Another example of a market sector facing rapid change is the Music and Video Store industry. Music stores have faced increasingly tough times as their primary demographic of customers have turned to obtaining music online, first through music-sharing portals such as Napster, as well as Usenet and various torrent portals. As the market for digital music has expanded and usage of digital music players has gained widespread adoption, customers of all demographics have turned to more mature, legal options for downloading music, such as Apple (AAPL) 's iTunes store. Music store stalwarts such as Tower Records went out of business; others, such as Virgin Megastores, embraced the new technologies and incorporated digital music as part of their online presences. (It should be noted that the music store industry also faced other pressures, particularly from chains such as Wal-Mart (WMT) and Best Buy (BBY), in terms of product pricing, which also contributed to some of the industry's troubles.) Similarly, the video store industry faced huge upheaval with the establishment of Netflix (NFLX), an internet-based video rental company whose monthly fees and convenient delivery to the home via U.S.P.S. caught on quickly with customers. Video store rental veteran Blockbuster Video (BBI) struggled for some time, but has revived itself over the past 2 years by providing similar delivery services to those of Netflix (NFLX) , as well as a retail storefront for customers less familiar with the Internet. However, both of these chains, as well as their smaller competitors, still face future changes as the concept of Video-on-Demand looms as a viable option for consumers in the not-too-distant future, and the entire Video Rental industry, both online and brick-and-mortar, will likely face significant competition from Cable Operators.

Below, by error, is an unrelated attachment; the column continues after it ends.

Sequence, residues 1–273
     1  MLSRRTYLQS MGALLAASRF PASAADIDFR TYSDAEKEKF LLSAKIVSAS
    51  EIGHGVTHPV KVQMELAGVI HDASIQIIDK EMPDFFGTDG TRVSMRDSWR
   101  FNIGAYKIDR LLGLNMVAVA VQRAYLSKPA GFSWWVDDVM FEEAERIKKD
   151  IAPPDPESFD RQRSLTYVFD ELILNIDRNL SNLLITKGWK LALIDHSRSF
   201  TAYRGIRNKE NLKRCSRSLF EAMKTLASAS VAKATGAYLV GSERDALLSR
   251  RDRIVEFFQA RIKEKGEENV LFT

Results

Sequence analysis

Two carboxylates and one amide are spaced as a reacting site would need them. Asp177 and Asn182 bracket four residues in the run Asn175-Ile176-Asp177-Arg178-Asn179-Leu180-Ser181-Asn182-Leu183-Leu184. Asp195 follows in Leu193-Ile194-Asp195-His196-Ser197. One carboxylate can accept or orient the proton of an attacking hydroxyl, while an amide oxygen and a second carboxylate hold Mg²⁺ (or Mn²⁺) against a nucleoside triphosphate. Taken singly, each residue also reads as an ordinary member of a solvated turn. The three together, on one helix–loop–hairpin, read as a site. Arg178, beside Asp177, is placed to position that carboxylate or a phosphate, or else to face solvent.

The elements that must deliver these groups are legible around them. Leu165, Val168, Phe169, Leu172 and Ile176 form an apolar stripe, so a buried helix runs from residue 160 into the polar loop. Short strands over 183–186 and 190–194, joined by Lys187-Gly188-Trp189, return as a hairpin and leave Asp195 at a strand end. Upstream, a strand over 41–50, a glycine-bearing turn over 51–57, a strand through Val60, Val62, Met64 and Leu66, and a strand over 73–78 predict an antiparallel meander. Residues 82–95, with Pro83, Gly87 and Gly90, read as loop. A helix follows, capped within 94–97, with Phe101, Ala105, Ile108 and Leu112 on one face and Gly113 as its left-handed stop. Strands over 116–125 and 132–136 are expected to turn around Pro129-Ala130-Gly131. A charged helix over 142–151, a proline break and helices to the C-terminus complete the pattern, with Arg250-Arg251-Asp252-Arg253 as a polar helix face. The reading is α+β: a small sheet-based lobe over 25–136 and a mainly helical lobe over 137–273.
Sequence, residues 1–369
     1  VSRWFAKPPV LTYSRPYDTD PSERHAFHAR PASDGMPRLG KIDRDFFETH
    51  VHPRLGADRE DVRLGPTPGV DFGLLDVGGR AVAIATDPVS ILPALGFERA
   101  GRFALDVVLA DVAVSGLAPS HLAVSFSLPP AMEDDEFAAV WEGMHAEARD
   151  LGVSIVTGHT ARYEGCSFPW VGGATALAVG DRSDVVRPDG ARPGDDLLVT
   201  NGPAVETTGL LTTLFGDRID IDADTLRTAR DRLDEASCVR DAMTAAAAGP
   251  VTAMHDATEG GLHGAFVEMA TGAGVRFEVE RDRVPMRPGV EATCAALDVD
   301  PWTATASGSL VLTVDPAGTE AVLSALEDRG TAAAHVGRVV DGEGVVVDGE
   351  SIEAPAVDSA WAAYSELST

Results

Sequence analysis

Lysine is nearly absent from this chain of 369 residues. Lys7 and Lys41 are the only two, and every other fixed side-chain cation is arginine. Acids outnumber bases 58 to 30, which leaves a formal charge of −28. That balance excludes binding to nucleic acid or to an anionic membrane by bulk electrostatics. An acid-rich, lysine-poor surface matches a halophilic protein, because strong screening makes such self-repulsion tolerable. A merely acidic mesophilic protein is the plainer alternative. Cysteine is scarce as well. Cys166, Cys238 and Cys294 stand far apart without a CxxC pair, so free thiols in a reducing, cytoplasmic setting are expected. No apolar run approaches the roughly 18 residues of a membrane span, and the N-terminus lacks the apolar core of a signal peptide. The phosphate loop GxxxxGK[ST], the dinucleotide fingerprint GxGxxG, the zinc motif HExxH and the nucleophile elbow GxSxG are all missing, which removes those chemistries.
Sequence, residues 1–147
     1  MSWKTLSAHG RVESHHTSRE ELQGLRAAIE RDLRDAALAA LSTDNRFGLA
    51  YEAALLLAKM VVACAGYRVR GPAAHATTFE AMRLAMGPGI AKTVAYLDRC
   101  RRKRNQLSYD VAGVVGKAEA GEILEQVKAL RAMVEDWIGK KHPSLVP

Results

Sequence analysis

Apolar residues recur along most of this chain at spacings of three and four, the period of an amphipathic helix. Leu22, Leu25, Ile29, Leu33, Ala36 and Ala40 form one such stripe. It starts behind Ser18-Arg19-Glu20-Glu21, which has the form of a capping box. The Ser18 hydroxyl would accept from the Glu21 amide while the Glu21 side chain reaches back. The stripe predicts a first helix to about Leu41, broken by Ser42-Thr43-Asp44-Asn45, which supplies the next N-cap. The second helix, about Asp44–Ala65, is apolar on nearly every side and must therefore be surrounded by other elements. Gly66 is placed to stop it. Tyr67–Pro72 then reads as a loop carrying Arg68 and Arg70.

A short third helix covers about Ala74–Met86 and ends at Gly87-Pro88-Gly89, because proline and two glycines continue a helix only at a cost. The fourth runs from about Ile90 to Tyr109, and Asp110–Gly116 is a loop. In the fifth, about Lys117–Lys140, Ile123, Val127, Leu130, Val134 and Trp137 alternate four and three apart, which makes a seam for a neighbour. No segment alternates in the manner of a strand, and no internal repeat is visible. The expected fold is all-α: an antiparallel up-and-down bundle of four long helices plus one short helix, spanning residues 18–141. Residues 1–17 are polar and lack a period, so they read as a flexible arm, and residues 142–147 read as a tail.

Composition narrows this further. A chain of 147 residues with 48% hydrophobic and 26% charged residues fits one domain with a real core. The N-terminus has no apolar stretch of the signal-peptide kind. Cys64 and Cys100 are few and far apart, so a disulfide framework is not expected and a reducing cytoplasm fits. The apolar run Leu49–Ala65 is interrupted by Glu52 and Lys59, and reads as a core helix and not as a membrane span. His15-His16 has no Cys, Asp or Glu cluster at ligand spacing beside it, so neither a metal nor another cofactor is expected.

Yet another example of a sector-wide threat brought on by the Internet is the issue of piracy. For example, Microsoft (MSFT) loses $19 billion dollars in profits to software piracy alone. The Music and Motion Picture industry have also been negatively impacted by rampant piracy of their products. The RIAA (Recording Industry Association of America) reports that $12.5 billion dollars are lost each year to illicit music file sharing.[1]. Internet file sharing through various portals such as Bittorrent, IRC, and DC++ dramatically cut into profits of nearly every sector of the entertainment and software industry from Adobe Systems (ADBE) Photoshop to Activision Blizzard (ATVI) Call of Duty 4 and Warner Music Group (WMG) Atlantic Records sales. Many companies are now devoting significant amounts of their budgets to battling internet piracy, something unheard of just 10 years ago.

The 'abolition of geography'

While many would see the abolition of geography as an opportunity (see the section below) this eradication of boundaries can be a threat for many existing business models which have relied upon geographic diversity to fully exploit markets, reducing 'consumer profit'. For example, the motion picture industry has traditionally segmented its distribution by region, both in the timing of releases, and in pricing of DVD versions. However by allowing a much greater awareness of pricing levels in different regions, consumer disquiet creates pressure for a global pricing model. While there have been some technical attempts to fight this, for example by adding region-encoding to DVDs, consumer 'champions' respond by creating workarounds (Multi-region DVD players etc). Over time these forces unleashed by the Internet generate increasing pressure.